“I love singing in German [and other languages]. You’re not emotionally attached to them as a mother language. They’re not laden with a history before your creation. … When I sang with Pink Martini right before Trump was elected, suddenly singing songs in different languages became a politicized act about communication,” Meow Meow says. “Even a lot of those Weimar songs become relevant [after Trump]. The fear of the other, everything is so politicized,” she says about a series of concerts she did with fellow Australian comedian Barry Humphries, who is better known to many as Dame Edna.

“Barry found a suitcase in a shop that was full of sheet music. He’s spent his life putting that music together, music that Hitler hated,” she explains about the work of largely Jewish composers during the Weimar era that the Nazis banned as being “degenerate.” Backed by Lauderdale’s jolly, rollicking piano, Humphries and Meow Meow duet charmingly on Hotel Amour on a saucy, sassy English-language adaptation of “Mausi, süß warst Du heute Nacht” (“Mousie, How Sweet You Were Tonight”), a 1930 tune by Jewish-Hungarian composer Paul Abraham and lyricists Alfred Grünwald and Fritz Löhner-Beda. “Barry’s an extravagant satirist,” Meow Meow says. “I feel so lucky to have met another soulmate who sees the wildness and beauty in music.”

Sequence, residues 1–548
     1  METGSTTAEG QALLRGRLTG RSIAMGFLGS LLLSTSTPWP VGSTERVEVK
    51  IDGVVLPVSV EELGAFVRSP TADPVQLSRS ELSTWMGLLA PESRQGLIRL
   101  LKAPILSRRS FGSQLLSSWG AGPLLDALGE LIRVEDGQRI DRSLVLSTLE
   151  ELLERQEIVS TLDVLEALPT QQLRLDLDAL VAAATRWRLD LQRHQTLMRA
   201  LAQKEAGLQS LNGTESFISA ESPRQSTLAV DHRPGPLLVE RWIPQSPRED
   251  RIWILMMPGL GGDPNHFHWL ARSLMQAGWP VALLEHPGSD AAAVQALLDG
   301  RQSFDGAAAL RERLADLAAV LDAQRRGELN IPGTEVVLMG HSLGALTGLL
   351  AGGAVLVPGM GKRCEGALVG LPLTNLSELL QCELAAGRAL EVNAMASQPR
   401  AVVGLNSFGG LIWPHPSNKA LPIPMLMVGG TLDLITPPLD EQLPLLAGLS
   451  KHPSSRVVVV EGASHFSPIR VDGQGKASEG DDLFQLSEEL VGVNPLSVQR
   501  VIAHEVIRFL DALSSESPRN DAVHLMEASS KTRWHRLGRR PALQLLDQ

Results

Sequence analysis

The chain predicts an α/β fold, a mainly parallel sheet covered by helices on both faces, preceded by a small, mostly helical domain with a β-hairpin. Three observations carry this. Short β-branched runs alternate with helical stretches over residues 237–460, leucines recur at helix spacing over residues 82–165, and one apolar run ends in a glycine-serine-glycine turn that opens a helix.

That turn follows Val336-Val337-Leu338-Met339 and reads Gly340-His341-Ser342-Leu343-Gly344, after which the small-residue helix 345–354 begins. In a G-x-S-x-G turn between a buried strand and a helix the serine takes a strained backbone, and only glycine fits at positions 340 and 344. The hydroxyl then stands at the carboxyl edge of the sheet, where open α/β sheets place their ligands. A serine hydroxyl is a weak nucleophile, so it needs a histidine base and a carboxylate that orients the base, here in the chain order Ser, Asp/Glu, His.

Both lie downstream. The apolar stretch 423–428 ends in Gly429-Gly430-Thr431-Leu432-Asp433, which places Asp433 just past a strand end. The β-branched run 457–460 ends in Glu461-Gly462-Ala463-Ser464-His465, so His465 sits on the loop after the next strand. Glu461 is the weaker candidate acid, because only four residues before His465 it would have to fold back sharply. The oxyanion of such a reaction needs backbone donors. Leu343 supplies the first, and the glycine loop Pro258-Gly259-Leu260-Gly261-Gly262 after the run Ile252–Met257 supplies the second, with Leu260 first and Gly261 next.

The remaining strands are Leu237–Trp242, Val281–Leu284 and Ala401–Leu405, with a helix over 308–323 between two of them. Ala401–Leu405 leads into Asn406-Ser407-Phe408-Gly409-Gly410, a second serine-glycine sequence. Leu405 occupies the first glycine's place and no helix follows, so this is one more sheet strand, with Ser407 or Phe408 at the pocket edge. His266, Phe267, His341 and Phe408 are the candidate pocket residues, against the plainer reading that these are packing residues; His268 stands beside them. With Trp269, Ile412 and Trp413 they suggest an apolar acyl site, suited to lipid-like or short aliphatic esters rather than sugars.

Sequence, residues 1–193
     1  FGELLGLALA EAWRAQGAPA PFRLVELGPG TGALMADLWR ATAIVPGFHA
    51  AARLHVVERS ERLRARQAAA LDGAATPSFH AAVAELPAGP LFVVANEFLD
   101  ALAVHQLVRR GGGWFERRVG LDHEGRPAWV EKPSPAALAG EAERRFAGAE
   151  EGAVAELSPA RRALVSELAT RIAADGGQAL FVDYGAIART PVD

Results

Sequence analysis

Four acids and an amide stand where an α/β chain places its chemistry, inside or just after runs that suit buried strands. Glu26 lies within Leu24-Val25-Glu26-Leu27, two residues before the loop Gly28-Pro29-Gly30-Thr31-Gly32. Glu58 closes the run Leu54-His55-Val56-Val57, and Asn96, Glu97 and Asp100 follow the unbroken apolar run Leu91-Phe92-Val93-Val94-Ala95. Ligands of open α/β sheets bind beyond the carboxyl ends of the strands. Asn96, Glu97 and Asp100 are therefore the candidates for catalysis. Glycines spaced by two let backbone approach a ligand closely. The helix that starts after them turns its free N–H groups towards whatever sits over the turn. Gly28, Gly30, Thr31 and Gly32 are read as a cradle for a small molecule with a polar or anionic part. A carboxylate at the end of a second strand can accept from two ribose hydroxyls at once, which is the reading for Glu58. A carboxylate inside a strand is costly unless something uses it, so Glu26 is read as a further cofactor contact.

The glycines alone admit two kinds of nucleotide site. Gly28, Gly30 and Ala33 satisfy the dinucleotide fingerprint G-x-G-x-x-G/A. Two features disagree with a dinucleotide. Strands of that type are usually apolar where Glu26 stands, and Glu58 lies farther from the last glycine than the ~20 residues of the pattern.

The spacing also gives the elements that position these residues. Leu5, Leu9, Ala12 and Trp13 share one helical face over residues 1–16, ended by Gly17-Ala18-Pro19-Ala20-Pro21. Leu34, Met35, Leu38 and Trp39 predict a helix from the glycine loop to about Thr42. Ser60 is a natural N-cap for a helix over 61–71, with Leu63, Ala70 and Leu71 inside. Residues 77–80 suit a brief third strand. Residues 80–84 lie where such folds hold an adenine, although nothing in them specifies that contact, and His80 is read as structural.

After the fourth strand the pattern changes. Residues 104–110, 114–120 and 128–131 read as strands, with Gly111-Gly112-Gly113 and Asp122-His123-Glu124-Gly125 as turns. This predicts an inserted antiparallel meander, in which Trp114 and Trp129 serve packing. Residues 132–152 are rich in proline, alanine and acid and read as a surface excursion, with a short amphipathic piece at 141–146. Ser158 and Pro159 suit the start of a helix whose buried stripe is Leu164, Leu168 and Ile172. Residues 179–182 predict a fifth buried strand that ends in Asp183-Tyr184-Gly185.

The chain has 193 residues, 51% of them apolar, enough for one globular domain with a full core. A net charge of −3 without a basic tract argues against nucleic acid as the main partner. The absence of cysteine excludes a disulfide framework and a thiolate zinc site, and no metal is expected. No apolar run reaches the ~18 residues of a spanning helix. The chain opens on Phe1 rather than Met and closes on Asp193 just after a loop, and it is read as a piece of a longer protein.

The singer’s other musical soulmates on Hotel Amour include Rufus Wainwright, who exchanges breezy French verses with Meow Meow on a version of “À quoi ça sert l’amour” (“What’s the Point of Love”) that the pair recorded together at Capitol Records in Hollywood. “Rufus is a good friend of mine and Thomas,” she says. “What a beautiful thing to have that honeyed voice in my ear — ‘Do it again!’”